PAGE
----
September 2022

Is Top Gun On The Verge of Being Grounded?

By: Jacob Kim

As our world finds a new form of normalcy following COVID-19, the entertainment industry has begun to release new movies and television shows. One movie has especially grabbed social media’s attention as a must see: Top Gun: Maverick. This movie, starring Tom Cruise and Miles Teller, is a sequel to the 1986 Top Gun film, which was inspired by Ehud Yonay, who died in 2012. While everyone has been rushing to the theatres to see the new release, relatives of Mr. Yonay have been trying to stop the film from being played. On June 6, 2022, relatives of Mr. Yonay filed an intellectual property lawsuit against Paramount Pictures Corporation alleging copyright infringement and seeking injunctive relief and damages.[1]

According to the complaint, Ehud Yonay is the author of the original 1983 “Top Guns” story, from which the 1986 motion picture Top Gun and 2022 sequel were derived.[2] Paramount allegedly secured exclusive motion picture rights to Ehud Yonay’s copyrighted story to film the 1986 film.[3]

Under the Copyright Act of 1976, 17 U.S.C § 203(a), individual authors are allowed to reclaim their copyrights they have transferred after thirty-five years by terminating any prior transfers.[4] To exercise this termination, the original author must send a termination notice to stop any new derivative works or copies.[5] In their complaint, the Yonays claim they properly sent a termination notice to Paramount on January 23, 2018.[6] Thus, on January 24, 2020, the copyright to the “Top Guns” story reverted to the Yonays.

Paramount is likely to invoke two defenses as to why it did not infringe the Copyright Act with the 2022 sequel: the film was sufficiently prepared, and the new film is not a derivative work of the original. Under 17 U.S.C § 203(b)(1), upon the effective date of termination, a derivative work prepared under authority of the grant before its termination may continue to be utilized under the terms of the grant.[7] Paramount will likely argue that the 2022 film was prepared before the effective termination date of January 24, 2020, thus not infringing the 1986 license. The main point of contention will be whether Paramount prepared the new film prior to the license termination. The Copyright Act does not define what it means to have a derivative work prepared before its termination, or what is considered prepared versus unprepared. However, Paramount will likely prove that it prepared the sequel prior to January 2020, thus being protected under the original license agreement.[8]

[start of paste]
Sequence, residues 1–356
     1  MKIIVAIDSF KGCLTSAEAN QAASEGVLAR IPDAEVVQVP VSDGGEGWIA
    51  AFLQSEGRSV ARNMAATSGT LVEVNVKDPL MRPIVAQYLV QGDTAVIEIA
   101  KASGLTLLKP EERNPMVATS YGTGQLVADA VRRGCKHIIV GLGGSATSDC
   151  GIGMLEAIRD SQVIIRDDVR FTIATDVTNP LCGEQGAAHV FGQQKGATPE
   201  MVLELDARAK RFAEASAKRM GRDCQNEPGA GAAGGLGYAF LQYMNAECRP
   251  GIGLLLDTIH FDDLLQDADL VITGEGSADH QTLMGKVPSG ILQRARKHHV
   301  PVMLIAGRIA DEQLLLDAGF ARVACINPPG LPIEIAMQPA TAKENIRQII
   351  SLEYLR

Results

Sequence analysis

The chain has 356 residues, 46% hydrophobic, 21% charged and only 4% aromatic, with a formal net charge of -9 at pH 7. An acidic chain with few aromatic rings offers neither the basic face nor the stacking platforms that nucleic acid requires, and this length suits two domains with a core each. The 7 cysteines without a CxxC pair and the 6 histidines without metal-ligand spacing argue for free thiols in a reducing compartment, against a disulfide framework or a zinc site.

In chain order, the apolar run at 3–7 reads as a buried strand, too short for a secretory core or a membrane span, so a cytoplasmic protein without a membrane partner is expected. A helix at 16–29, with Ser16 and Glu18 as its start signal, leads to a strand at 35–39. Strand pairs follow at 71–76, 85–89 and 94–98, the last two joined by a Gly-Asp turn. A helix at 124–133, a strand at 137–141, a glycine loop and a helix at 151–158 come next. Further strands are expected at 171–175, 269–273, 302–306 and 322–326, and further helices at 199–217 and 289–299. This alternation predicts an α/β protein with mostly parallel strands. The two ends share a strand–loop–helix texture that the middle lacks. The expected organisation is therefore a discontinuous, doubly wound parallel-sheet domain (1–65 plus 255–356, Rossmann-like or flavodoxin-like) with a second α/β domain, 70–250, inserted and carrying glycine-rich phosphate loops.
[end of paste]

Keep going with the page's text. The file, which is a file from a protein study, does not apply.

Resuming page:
Paramount’s primary argument will be that the film was completed in 2019. According to sources, Top Gun: Maverick was scheduled to be release on July 12, 2019. However, because of COVID-19, Paramount postponed the premier for a later date.[9] Assuming Paramount was prepared to release the movie in 2019, Paramount would have a strong case for claiming it prepared the sequel prior to the termination date of January 2020.

So, will Paramount have to pay damages to the Yonay estate? Or might it potentially have to stop reproducing or distributing the 2022 sequel? Courts are often reluctant to enjoin distribution of works in situations like this.[10] However, Paramount might be forced to pay a licensing amount set by the court.[11] It will all come down to whether Paramount prepared the movie before or after January 24, 2020.[12]

[1] Shosh Yonay et al v. Paramount Pictures Corporation et al, No. 22-CV-03846 (C.D. Cal. June 22, 2022),

[2] Id.

[3] Id.

[4] 17 U.S.C. § 203(a)(3).

[5] Id. § 203(a)(4).

[6] Shosh Yonay et al, No. 22-CV-03846.

[7] 17 U.S.C § 203(b)(1).

[8] Rachel Reed, Highway to the danger zone, Harvard Law Today (Jun. 8, 2022),

[9] Mike Murphy, Paramount delays ‘Top Gun: Maverick’ until May 2022 due to coronavirus concerns, Media (Sept. 2, 2021),

[10] Rachel Reed, Highway to the danger zone, Harvard Law Today (Jun. 8, 2022),

[11] Id.

[12] Id.